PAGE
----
I. Petitioners' Records of Income
Taxpayers must maintain accounting records which enable them to file correct income tax returns. Sec. 6001; DiLeo v. Commissioner [Dec. 47,423], 96 T.C. 858, 867 (1991), affd. [92-1 USTC ╤ 50,197] 959 F.2d 16 (2d Cir. 1992). Section 6001 provides:
SEC. 6001. NOTICE OR REGULATIONS REQUIRING RECORDS, STATEMENTS, AND SPECIAL RETURNS.
Every person liable for any tax imposed by this title, or for the collection thereof, shall keep such records, render such statements, make such returns, and comply with such rules and regulations as the Secretary may from time to time prescribe. * * *
In this regard, section 1.446-1(a)(4), Income Tax Regs., provides in part:
Each taxpayer is required to make a return of his taxable income for each taxable year and must maintain such accounting records as will enable him to file a correct return. See section 6001 and the regulations thereunder. Accounting records include the taxpayer's regular books of account and such other records and data as may be necessary to support the entries on his books of account and on his return * * *.
Respondent's determination of taxable income is presumptively correct. Rule 142(a); Welch v. Helvering [3 USTC ╤ 1164], 290 U.S. 111, 115 (1933); Mendelson v. Commissioner [62-2 USTC ╤ 9627], 305 F.2d 519, 522 (7th Cir. 1962), affg. [Dec. 25,140(M)] T.C. Memo. 1961-319.
Where a taxpayer fails to maintain or produce adequate books and records, the Commissioner is authorized to compute the taxpayer's taxable income by any method which, in the Commissioner's opinion, clearly reflects the taxpayer's income. Sec. 446(b); Holland v. United States [54-2 USTC ╤ 9714], 348 U.S. 121, 134 (1954); Webb v. Commissioner [68-1 USTC ╤ 9341], 394 F.2d 366, 371-372 (5th Cir. 1968), affg. [Dec. 27,918(M)] T.C. Memo. 1966-81; Harbin v. Commissioner [Dec. 26,130], 40 T.C. 373, 377 (1963). The Commissioner's method need not be exact but must only be reasonable in light of the surrounding facts and circumstances. Holland v. United States, supra; Rowell v. Commissioner [89-2 USTC ╤ 9519], 884 F.2d 1085, 1087 (8th Cir. 1989), affg. [Dec. 45,027(M)] T.C. Memo. 1988-410; Giddio v. Commissioner [Dec. 30,254], 54 T.C. 1530, 1533 (1970).
Here, the principal issue is the amount of petitioners' gross income for the years in issue. Petitioners' bookkeeping practices have failed to produce "such other records and data as may be necessary to support the entries on his books of account and on his return". Sec. 1.446-(1)(a)(4), Income Tax Regs. In this case, Nick alone controlled and prepared the books. He did not retain copies of the cash register tapes or other sales receipts, which were the only records that would substantiate the amount of petitioners' gross income. Schwarzkopf v. Commissioner [57-2 USTC ╤ 9816], 246 F.2d 731, 734 (3d Cir. 1957), affg. in part and remanding [Dec. 21,835(M)] T.C. Memo. 1956-155. 2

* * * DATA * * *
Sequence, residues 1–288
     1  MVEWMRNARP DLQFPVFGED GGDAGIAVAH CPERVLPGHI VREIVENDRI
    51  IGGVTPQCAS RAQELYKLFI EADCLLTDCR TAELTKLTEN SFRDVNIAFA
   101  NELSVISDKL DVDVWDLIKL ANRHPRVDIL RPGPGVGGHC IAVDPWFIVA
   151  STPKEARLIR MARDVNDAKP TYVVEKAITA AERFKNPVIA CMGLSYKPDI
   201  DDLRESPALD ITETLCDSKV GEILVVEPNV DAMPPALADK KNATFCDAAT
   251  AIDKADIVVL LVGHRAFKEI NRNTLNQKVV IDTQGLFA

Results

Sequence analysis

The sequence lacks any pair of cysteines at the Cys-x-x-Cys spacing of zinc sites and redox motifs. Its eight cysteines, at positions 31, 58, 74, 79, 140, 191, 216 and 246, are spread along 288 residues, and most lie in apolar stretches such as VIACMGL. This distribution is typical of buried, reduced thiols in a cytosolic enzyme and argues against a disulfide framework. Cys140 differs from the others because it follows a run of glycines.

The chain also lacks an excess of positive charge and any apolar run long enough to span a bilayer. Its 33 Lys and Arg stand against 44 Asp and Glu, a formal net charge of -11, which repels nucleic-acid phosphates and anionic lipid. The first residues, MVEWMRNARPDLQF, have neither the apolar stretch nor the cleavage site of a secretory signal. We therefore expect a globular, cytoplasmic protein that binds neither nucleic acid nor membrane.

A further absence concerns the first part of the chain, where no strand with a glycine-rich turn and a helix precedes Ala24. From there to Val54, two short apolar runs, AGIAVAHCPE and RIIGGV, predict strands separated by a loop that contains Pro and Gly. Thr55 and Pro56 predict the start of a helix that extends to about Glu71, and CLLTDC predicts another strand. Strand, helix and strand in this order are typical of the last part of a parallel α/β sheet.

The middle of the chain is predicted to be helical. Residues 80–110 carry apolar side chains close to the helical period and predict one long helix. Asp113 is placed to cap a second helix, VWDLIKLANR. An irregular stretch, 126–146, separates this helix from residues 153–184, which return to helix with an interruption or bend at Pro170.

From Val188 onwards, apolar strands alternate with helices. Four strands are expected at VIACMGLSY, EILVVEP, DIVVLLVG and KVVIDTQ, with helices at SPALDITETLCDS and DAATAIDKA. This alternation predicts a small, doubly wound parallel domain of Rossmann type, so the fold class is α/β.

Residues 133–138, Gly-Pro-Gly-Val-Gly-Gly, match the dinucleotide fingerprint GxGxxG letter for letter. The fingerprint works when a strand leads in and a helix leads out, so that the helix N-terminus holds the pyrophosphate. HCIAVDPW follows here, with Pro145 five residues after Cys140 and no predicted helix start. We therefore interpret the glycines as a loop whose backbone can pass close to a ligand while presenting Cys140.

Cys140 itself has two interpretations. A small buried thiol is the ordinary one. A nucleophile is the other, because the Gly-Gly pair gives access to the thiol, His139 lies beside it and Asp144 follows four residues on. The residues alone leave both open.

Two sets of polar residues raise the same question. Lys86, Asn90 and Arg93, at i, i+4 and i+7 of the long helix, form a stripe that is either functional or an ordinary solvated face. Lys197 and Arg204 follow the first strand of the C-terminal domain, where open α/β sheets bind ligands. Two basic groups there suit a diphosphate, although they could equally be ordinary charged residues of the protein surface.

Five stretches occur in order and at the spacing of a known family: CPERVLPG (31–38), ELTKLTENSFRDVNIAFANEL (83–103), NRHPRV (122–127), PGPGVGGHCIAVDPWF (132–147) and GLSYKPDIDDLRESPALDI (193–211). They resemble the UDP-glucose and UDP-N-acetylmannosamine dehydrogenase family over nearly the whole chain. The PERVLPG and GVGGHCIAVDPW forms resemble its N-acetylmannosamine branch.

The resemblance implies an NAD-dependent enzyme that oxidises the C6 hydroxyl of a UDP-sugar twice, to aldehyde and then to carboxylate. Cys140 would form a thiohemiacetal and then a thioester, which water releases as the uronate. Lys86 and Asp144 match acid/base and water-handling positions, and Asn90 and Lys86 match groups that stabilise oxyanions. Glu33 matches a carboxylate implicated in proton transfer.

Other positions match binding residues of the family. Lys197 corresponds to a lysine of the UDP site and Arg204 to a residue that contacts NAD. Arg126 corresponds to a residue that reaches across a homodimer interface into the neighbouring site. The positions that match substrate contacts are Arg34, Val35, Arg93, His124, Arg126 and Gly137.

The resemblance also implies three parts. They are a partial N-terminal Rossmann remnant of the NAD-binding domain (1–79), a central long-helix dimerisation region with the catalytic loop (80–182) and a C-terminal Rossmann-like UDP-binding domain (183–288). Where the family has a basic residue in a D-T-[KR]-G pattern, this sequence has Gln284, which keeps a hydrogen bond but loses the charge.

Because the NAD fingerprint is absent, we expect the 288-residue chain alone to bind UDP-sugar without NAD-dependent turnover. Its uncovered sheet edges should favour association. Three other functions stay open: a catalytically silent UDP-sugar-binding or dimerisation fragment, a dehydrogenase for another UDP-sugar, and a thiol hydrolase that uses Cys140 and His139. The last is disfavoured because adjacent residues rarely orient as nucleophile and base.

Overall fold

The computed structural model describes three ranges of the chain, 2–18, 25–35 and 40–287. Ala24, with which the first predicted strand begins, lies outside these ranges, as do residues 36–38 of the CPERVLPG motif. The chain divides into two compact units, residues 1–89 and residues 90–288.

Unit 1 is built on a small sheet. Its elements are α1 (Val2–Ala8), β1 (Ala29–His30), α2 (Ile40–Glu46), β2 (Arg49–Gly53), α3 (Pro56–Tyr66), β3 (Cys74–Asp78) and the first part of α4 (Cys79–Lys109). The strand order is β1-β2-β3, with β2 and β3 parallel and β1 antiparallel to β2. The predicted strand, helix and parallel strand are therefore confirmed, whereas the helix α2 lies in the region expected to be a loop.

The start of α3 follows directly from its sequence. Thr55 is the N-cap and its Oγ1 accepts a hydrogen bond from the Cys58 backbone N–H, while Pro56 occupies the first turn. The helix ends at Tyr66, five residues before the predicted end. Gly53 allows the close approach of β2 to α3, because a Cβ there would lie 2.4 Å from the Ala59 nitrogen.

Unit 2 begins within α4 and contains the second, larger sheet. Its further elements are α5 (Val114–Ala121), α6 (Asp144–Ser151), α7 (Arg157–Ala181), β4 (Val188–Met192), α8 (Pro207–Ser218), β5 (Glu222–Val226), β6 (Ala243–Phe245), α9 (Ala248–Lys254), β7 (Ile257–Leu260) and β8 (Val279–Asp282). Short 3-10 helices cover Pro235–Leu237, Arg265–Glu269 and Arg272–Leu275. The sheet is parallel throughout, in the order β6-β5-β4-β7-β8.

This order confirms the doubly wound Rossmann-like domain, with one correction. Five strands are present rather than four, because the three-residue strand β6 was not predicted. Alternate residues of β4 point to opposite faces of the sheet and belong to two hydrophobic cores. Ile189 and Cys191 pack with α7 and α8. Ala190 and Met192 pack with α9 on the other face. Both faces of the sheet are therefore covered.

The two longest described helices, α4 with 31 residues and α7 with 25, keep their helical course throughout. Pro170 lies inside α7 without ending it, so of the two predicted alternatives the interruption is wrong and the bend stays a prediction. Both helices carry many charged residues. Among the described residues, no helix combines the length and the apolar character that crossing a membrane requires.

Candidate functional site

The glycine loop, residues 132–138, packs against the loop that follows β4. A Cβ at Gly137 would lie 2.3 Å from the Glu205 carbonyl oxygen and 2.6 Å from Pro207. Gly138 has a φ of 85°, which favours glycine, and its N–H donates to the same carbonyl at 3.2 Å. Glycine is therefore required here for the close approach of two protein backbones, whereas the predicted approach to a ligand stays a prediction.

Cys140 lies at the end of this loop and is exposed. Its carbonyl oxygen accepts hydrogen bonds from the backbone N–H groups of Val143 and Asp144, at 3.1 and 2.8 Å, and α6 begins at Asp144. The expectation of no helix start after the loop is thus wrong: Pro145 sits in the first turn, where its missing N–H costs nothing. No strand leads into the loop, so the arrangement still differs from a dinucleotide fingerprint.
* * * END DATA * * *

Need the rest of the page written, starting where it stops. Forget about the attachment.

2 See also Edgmon v. Commissioner [Dec. 49,350(M)], T.C. Memo. 1993-486 (failure to retain register tapes, "Z-tapes" and bills); Votsis v. Commissioner, [Dec. 44,595(M)] T.C. Memo. 1988-70 (failure to retain register tapes and sales receipts); Catalanotto v. Commissioner [Dec. 41,166(M)], T.C. Memo. 1984-215 (failure to retain register tapes and sales receipts).
Petitioners argue that their bookkeeping practices accurately reflected their income. They urge that respondent's methods of reconstructing that income have misstated the actual amounts. Petitioners have overlooked the fact that their failure to retain the necessary records, particularly the cash register "Z tapes", precluded respondent from determining exactly what petitioners' income was for the years in issue. In these circumstances, respondent is not required to make an exact determination. All taxpayers, including petitioners here, who fail to maintain the records necessary to substantiate their assertions on their Federal income tax returns assume the risk that they may have to pay a tax based upon income that is not determined with certainty. That is the fault of the taxpayers, however, and not of the Commissioner. Mendelson v. Commissioner, supra at 523.
II. Respondent's Use of the Percentage Markup Method
We must find petitioners' gross profit for each of the years at issue. Their gross profit is the difference between the price at which petitioners sold their inventory and their cost of purchasing that inventory. Gross profit may be expressed in terms of dollars, but gross profit is also often expressed in terms of percentages ≈ either "margin" or markup". "Margin" refers to gross profit as a percentage of the price at which petitioners sold their inventory. "Markup" refers to gross profit as a percentage of the cost incurred by petitioners to purchase that inventory. Margin and markup are related terms, and, if we know a specific example of one, we can determine the other. For example, a gross profit margin of 20 percent means that the markup is 25 percent and vice versa.
In this case, respondent employed the "percentage markup" method to determine that petitioners had underreported their income. In the proceeding before us, however, each side has attempted to prove its case by demonstrating the profit margins at which petitioners, or other retailers, sold their merchandise. Because the parties have made their arguments in terms of profit margins, we shall use that approach as well.